Monday, October 03, 2005

Harriet Miers' "Records Record"

He [the President] would be both ashamed and afraid to bring forward, for the most distinguished or lucrative stations, candidates who had no other merit than that of coming from the same State to which he particularly belonged, or of being in some way or other personally allied to him, or of possessing the necessary insignificance and pliancy to render them the obsequious instruments of his pleasure.
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And as there would be a necessity for submitting each nomination to the judgment of an entire branch of the legislature, the circumstances attending an appointment, from the mode of conducting it, would naturally become matters of notoriety; and the public would be at no loss to determine what part had been performed by the different actors.
For the U.S. Supreme Court vacancy, Bush today nominated his newest work wife, Harriet Miers. While the early encomiums are rolling in, you may want to begin considering all the reasons why this nomination is likely to become mired in bitter controversy.

One of them, surely, is just what did Harriet Miers do back in 1998 with George W. Bush's National Guard records?

On July 17, 2000, Newsweek Magazine reported in its National Affairs section (p. 24) that in 1998 as the Bush campaign team in Austin began drawing a bead on the White House, it paid Ms. Miers $19,000 to "investigate" his Texas/Alabama Air National Guard records for them. As the relevant parts of the Year 2000 article, written by Michael Isikoff and Martha Brant, explain --
More than two years ago the Bush camp launched a secretive research operation designed to scour all records relating to his Vietnam-era service as a pilot in the 111th Fighter-Interceptor Squadron of the Texas Air National Guard. The goal was to identify potential vulnerabilities early on and deflect any charges that Bush got favorable treatment.

Until recently, the campaign was confident that this worked. But as the latest flap [in 2000] shows, questions about Bush's military service haven't entirely disappeared.

The Bushies' concern began while he was running for a second term as governor. A hard-nosed Dallas lawyer named Harriet Miers was retained to investigate the issue; state records show Miers was paid $19,000 by the Bush gubernatorial campaign. She and other aides quickly identified a problem -- rumors that Bush had help from his father in getting into the National Guard back in 1968.

Ben Barnes, a prominent Texas Democrat and a former speaker of the House in the state legislature, told friends he used his influence to get George W a guard slot after receiving a request from Houston oilman Sid Adger. Barnes said Adger told him he was calling on behalf of the elder George Bush, then a Texas congressman. Both Bushes deny seeking any help from Barnes or Adger, who has since passed away.

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[T]he National Guard question * * * cropped up again with the Alabama controversy, which dates back to May 1972. That's when George W went to work on the campaign of a Republican Senate candidate in Alabama. Because he was still obligated to serve weekend duty with the Air National Guard, Bush had to arrange a temporary assignment to a guard unit in Alabama. He was accepted by the 187th Tactical Reconnaissance Squadron based outside Montgomery.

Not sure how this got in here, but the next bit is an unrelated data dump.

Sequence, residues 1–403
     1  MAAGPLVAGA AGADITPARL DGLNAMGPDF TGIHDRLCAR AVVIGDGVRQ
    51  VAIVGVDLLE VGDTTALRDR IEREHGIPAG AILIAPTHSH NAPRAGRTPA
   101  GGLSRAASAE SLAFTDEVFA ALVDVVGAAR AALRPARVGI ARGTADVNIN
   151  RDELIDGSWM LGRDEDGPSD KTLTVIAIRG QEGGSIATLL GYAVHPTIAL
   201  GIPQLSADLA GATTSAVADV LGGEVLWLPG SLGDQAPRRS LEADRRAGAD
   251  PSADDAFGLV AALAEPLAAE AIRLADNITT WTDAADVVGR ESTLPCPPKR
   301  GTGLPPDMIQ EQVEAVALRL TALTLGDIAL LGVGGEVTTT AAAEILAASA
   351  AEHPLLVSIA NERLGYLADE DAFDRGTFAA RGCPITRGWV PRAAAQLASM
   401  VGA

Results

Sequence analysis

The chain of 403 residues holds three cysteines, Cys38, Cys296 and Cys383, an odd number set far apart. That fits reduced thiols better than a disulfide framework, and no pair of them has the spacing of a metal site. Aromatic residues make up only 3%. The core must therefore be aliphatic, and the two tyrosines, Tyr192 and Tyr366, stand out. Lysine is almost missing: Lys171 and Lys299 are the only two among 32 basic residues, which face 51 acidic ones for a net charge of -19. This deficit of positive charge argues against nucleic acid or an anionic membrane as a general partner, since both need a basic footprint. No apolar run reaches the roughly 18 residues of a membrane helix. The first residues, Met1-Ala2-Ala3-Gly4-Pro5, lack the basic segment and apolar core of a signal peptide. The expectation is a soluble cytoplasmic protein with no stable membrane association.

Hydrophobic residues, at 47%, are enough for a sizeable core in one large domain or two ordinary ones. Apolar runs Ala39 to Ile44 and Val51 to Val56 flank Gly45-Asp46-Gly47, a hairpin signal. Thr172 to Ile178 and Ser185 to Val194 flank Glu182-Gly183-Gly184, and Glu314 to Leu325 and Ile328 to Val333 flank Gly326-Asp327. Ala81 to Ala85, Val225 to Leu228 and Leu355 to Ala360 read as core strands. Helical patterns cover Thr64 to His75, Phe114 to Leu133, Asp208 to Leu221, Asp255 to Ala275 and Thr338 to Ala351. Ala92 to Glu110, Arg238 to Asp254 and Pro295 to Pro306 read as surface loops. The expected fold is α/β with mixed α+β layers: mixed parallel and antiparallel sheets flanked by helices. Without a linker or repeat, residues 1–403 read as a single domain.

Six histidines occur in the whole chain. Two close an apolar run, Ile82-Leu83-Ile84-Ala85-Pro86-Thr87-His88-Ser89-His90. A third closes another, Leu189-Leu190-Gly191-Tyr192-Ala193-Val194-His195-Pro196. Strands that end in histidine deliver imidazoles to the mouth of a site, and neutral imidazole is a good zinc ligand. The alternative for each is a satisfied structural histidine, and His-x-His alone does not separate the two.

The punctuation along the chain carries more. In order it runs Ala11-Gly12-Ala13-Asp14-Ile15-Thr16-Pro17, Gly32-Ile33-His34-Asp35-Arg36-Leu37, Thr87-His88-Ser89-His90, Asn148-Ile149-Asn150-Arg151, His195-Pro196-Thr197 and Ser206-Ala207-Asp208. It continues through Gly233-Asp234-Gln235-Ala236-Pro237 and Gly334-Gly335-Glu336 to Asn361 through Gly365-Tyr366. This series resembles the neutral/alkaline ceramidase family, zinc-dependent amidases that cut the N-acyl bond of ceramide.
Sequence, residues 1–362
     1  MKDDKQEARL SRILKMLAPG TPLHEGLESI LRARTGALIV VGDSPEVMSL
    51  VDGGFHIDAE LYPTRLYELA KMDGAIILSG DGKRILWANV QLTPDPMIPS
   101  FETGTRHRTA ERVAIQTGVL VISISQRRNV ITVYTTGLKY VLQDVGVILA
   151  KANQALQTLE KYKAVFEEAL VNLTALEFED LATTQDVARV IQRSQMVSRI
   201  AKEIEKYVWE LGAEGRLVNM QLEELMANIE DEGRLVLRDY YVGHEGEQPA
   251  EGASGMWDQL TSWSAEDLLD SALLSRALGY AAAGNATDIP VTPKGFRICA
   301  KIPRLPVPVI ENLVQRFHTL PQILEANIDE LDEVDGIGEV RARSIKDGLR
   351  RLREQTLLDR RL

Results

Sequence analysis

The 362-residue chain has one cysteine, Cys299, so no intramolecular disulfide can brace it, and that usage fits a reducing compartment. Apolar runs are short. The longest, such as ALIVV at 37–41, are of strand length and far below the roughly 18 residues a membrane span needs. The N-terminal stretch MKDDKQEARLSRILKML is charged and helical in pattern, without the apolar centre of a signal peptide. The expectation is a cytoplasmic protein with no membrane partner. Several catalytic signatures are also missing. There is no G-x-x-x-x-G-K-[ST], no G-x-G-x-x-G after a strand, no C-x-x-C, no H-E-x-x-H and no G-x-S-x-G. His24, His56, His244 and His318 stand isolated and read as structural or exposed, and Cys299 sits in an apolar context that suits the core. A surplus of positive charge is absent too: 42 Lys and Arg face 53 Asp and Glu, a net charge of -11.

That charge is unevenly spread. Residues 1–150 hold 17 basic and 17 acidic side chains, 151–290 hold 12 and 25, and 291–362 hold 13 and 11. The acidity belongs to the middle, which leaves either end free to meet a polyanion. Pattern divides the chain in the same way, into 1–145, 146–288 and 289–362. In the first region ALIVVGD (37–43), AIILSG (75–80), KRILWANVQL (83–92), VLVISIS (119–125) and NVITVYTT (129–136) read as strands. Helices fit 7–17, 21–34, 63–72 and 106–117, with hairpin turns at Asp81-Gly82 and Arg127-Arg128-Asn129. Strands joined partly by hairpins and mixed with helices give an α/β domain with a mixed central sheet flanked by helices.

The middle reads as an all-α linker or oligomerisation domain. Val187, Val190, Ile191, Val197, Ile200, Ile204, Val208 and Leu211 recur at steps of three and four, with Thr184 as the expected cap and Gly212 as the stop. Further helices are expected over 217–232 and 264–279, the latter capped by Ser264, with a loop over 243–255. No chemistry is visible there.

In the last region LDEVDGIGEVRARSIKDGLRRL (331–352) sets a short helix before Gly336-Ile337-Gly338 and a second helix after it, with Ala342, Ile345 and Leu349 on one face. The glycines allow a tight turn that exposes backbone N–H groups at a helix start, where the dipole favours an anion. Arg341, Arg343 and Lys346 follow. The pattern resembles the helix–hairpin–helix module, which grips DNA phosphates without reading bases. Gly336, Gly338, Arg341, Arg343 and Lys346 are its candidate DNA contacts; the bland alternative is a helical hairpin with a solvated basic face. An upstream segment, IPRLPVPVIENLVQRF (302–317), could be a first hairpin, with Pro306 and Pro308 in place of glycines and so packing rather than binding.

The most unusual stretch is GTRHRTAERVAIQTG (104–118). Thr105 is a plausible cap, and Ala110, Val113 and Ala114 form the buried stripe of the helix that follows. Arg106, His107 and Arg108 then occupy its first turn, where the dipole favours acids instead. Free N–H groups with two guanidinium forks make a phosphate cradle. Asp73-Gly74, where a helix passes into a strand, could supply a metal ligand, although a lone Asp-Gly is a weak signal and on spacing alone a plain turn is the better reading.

On Sept. 5 Lieutenant Bush asked his guard unit to approve "equivalent duty" with the 187th for the months of September, October and November. His commander agreed. That's where the mystery begins.

According to The Boston Globe, which recently dug into the matter, there is no record that Bush ever served with the 187th -- and the Bush campaign has been unable to locate any former officers who remember encountering Bush.

Kenneth K. Lott, the personnel officer who signed the orders directing Bush to report, told Newsweek: "I don't recall ever seeing the guy." A Bush aide, Dan Bartlett, conceded that the records "were either lost or misplaced... we are not sure."
Never having been a judge, Ms. Miers is something of a cypher for the Senate. All the public knows is she "belongs to the same State" as Mr. Bush and "is in some way or other personally allied with him." So, confirmation hearings on her nomination are sure to involve -- just as the Founding Fathers desired -- protracted inquiries into the nominee's legal, Constitutional, philosophical, and professional opinions, past and present.

Among those weightier issues, however, someone also is likely to ask, "What did you really do with Bush's National Guard records?" That's a question that needs to be asked so that we can know whether Ms. Miers possesses "the necessary insignificance and pliancy to render" her "the obsequious instruments of his pleasure."

1 comment:

nightquill said...

Puritan pundits pull out their pliers,
Pinching the Prez over Harriet Miers,
Stunned that they've received no surety
Of her ideological purity.
Liberals of suspicious mind
Naturally, though, expect to find
Anyone Mr. Bush delivers
"Pure" enough to give them shivers.

And neither are greatly mollified
By finding her so unqualified.
Will any old lawyer suit that Court
Who knows how to serve a half-baked tort?

But the greatest objection to letting a crony in
Is that it's so patently un-Hamiltonian.
Will the whole Senate exclaim with defiance, "We
Shun insignificance! Veto pliancy!"
Or will Mr. Bush get to keep his treasure,
"Obsequious instrument of his pleasure?"

Poor Mr. Hamilton can't be blamed;
Who'd think of a leader who can't be shamed?